Europe and the First Mass-Market “Webs”

Prestel brochure

The costly Prestel British videotex system had only modest success. It offered a full range of services but flourished only in specialized markets like the travel industry.

Europe and the First Mass-Market “Webs”

In 1971, a team at the BBC, and Sam Fedida at the British Post Office, independently developed Web-like information systems that used ordinary TVs.

The BBC system broadcast data on an unused portion of the TV signal, and evolved into the Teletext information service.

The Post Office’s videotex standard used phone lines, and had high ambitions for broad-reaching uses like today’s Web. It became the foundation of England’s Prestel and France’s wildly successful Minitel. But despite efforts in the U.S., Canada, and Europe, videotex-like systems fizzled outside France.

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MUPID II C2A2 Vtx computer

Though only modestly successful, MUPID represented videotex’s cutting edge. It offered Java-like downloadable applications, and was the only videotex system with hypertext links like the later Web. Each terminal had a processor; so it was, in effect, a networked PC.

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North American Videotex conference announcement

These are souvenirs of a short-lived wave of videotex enthusiasm from North American phone companies and news services. Competing standards and competition from home PCs nipped this revolution in the bud.

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Minitel and Teletext: Long-Running Successes

Free! That’s always a successful way to attract customers. In 1981, France Telecom offered free Minitel terminals, launching the first mass “Web.” It had tens of millions of users by the 1990s.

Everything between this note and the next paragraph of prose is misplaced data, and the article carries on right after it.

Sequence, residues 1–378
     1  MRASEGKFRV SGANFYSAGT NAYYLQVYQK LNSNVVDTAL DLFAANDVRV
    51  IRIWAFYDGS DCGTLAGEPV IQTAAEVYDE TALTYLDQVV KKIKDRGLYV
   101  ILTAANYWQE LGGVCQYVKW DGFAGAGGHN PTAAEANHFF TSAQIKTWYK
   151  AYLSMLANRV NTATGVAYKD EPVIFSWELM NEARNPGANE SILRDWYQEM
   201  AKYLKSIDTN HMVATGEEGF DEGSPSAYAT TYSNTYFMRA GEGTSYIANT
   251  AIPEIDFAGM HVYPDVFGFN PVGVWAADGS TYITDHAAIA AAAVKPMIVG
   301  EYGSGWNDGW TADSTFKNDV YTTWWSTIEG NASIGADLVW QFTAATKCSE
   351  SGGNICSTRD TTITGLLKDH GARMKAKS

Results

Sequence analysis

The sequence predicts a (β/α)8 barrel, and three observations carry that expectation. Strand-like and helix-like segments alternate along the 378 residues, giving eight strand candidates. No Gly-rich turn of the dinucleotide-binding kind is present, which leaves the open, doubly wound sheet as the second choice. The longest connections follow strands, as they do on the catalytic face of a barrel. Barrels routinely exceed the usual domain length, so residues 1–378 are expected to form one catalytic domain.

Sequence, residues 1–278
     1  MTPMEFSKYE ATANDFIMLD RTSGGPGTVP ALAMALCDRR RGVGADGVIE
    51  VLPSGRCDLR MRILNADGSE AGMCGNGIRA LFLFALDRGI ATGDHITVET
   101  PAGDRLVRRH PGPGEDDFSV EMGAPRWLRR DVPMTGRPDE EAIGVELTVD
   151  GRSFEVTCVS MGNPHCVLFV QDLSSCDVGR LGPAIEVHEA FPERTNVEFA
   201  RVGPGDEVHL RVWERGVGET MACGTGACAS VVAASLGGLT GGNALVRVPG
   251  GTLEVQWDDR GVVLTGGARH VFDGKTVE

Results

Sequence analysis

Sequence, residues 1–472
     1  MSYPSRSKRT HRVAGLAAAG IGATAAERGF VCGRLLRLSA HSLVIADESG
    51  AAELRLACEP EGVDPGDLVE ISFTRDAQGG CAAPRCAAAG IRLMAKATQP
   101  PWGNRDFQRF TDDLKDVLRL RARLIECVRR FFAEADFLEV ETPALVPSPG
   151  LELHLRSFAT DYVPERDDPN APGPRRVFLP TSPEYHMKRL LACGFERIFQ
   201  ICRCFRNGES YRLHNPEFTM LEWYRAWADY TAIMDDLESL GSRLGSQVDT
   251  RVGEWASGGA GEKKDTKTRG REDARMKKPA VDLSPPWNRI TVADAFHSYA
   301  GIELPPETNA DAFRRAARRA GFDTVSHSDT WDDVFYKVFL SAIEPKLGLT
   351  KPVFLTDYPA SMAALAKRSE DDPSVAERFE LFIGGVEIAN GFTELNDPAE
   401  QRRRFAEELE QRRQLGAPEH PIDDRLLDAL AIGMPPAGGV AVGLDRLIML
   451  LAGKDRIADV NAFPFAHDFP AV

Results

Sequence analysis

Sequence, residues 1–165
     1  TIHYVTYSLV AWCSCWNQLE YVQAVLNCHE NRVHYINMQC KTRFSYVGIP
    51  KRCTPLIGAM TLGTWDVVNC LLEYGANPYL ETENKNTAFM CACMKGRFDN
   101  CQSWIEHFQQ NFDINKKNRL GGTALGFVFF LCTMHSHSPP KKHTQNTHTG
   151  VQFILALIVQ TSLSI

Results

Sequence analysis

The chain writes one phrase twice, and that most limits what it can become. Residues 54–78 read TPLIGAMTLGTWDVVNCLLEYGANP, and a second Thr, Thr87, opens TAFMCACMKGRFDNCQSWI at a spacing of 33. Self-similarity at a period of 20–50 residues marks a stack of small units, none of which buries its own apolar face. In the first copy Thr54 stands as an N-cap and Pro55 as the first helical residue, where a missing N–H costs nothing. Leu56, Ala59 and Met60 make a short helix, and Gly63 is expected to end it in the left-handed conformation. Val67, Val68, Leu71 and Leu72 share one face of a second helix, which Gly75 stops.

In 1974, ad-funded Teletext systems let European TV viewers “surf” pages of news, weather, sports, financial data, and more.

Minitel user

The ‘80s Minitel boom foreshadowed the dot-com boom. But the model differed. Customers paid for minutes on Minitel sites in their phone bills; France Telecom charged content providers heavily for hosting sites, but guaranteed user payments.

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These sleek terminals for the Teletel system, given free to subscribers to the service, were called “Minitels.” The Teletel standard had been adapted from English videotex. The keyboard was designed for people who didn’t touch type.

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Television remote

The “Teletext” button switched European TVs into interactive text mode. By entering page numbers on the keypad, the user chose from among hundreds of pages being broadcast along with the normal TV signals.

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Videotex systems were the first networked information systems marketed to home consumers. They became part of daily life, and some lasted into the World Wide Web era. The “Fred” postcard has both a Minitel address and a Web URL.